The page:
- Hold Shift and launch iTunes. Continue holding Shift until prompted to locate or create a new library.
- Point iTunes to the iTunesLibrary.itl file on the NAS.
- Close iTunes.
- Move the existing iTunes folder on the Mac to another location or simply rename it.
- Launch iTunes and make sure everything is in order.
- Play your favorite tunes!
Important Note #1 - Time Machine only creates local backups, so your new iTunes library file and media on your NAS won't be backed up automatically. Be sure to set up a new backup process for these files.
Important Note #2 - If your network is slow you may experience some lag when making changes to files in iTunes.
Low on Space - NAS Problem #3
I setup a NAS, in part, to have more space. But once I consolidated data from all my devices, and external drives, the massive amounts of space were chewed up so quickly!
I knew there were a lot of files that I could lose to make more free space on my network drive, but once again it seemed like it was going to take ages to look through each folder manually. I had such luck with Gemini that I decided to look for a solution again.
Here’s CleanMyMac 3 could help me. Its main purpose is to optimize Macs by clearing out junk files and memory-hogging apps. It has a tool called Large & Old Files that discover what's wasting space on storage.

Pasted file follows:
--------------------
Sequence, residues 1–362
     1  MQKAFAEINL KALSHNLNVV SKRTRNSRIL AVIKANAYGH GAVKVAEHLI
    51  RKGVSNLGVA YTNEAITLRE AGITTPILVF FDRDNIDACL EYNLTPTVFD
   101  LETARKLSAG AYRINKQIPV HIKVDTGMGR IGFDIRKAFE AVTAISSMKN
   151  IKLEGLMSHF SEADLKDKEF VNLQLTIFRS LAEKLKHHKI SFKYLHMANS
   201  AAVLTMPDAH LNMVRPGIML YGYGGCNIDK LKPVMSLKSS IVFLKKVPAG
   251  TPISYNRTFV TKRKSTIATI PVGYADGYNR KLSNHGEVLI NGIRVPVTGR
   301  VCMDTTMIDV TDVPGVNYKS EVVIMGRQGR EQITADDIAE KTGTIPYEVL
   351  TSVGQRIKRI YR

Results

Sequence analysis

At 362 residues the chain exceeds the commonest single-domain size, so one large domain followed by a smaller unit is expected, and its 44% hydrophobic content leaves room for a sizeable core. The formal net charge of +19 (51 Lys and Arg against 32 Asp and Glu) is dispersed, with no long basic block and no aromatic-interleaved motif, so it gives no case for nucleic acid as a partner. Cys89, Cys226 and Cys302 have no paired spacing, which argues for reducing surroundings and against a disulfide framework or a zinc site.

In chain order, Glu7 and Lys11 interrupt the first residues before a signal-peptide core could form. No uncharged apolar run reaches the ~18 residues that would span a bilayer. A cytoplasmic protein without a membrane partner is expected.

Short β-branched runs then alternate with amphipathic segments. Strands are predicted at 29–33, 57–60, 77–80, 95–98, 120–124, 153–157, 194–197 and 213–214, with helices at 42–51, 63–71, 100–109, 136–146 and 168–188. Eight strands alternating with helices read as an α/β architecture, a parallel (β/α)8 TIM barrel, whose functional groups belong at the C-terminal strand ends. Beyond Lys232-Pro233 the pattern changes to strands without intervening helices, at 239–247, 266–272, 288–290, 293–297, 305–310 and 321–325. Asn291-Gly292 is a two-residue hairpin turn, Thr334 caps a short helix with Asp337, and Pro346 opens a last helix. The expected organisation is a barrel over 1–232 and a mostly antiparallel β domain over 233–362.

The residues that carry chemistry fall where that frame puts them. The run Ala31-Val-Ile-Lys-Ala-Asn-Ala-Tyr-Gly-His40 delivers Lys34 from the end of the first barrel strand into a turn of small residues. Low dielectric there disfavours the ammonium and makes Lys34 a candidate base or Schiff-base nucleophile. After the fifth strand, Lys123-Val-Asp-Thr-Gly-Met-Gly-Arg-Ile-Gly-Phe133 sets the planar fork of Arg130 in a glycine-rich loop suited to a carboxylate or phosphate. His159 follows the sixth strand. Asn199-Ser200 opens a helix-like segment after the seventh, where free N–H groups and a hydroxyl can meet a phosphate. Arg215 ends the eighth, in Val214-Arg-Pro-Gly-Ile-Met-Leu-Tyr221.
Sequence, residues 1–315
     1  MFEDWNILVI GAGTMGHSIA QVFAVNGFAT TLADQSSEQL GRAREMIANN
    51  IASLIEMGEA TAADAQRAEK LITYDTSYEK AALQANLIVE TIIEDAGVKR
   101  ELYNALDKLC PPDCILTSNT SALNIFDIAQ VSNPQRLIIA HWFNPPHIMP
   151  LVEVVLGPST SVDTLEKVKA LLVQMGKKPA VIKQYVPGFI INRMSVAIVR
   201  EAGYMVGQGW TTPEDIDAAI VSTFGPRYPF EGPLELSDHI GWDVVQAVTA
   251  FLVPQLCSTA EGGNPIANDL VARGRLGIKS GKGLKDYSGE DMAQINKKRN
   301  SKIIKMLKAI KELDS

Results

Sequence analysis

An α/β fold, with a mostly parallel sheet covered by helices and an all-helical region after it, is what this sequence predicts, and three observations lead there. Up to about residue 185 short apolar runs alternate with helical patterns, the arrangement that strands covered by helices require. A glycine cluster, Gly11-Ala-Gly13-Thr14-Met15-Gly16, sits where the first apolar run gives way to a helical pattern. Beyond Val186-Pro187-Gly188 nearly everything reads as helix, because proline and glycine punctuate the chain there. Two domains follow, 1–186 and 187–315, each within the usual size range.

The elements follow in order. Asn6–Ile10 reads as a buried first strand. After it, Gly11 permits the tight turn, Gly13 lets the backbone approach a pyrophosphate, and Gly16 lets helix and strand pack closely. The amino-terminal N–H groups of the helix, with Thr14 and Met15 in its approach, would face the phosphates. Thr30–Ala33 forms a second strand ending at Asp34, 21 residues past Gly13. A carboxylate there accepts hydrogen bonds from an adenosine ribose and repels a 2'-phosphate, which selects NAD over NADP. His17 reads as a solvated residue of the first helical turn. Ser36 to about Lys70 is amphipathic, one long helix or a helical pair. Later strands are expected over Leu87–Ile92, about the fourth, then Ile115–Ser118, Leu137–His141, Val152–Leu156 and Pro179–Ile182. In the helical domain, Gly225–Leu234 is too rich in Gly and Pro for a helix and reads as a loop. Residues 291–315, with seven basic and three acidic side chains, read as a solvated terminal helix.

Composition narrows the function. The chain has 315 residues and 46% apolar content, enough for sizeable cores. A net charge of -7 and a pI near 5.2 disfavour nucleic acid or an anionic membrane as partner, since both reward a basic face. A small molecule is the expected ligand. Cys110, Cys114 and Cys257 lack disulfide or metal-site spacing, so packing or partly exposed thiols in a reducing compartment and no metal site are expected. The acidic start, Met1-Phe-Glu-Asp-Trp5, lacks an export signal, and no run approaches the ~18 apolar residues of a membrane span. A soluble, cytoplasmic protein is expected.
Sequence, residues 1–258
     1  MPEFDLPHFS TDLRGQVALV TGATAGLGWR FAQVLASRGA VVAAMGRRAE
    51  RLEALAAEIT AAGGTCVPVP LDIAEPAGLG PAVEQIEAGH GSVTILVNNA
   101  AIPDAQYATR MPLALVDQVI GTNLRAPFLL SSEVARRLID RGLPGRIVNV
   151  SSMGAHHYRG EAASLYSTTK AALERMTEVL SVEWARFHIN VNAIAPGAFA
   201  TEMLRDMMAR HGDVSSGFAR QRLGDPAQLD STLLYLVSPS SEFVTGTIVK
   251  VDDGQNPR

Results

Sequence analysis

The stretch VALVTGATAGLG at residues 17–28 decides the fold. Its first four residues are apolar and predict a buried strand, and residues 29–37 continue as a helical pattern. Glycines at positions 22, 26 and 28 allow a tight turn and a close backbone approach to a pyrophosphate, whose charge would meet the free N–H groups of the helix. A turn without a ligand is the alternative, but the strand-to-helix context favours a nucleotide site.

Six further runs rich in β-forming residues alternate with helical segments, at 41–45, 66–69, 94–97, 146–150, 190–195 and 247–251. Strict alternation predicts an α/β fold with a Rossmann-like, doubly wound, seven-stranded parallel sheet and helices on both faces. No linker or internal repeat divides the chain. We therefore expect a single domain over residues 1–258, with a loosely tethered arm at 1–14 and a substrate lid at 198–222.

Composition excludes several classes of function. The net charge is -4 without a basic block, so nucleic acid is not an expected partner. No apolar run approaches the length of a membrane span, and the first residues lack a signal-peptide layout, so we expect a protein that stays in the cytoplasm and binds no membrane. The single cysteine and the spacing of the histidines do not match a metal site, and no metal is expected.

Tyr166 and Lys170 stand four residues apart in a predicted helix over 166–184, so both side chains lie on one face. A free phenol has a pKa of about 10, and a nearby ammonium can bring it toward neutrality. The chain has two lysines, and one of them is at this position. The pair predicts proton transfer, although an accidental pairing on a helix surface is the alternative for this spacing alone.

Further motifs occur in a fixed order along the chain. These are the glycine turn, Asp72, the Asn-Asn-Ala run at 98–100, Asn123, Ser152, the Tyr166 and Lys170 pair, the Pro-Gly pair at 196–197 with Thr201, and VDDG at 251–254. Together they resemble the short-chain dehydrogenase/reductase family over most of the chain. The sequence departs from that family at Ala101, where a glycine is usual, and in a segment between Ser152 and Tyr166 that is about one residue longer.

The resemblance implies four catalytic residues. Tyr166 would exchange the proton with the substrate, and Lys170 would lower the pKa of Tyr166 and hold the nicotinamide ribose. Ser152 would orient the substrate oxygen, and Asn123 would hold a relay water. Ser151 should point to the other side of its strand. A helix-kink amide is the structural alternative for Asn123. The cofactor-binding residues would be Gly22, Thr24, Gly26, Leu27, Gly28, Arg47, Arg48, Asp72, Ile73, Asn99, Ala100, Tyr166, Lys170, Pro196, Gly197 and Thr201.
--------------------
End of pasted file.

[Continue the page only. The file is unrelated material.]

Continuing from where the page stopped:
Simply get CleanMyMac 3 to scan any shared folder or even the entire shared network, and it will return results for you to review. On the review screen, you can sort the files by size or when they were last used. This was a great way to identify the significant space-wasters easily.
For the ultimately shared drive cleanup, you can use the app to move whatever you want to the trash, to another location, or delete them permanently.
I found old work project files and within minutes I had cleared away almost 1TB.
A Shared Drive Doesn’t Have To Be NASty
If you’re on the fence about network sharing, let me push you off that fence. Having a NAS shared drive will connect your digital world, make everything easier, and keep your data safe. Shared drive organization can be a bit intimidating but follow my tips, and you’ll have a clean and organized NAS at the center of your shared network.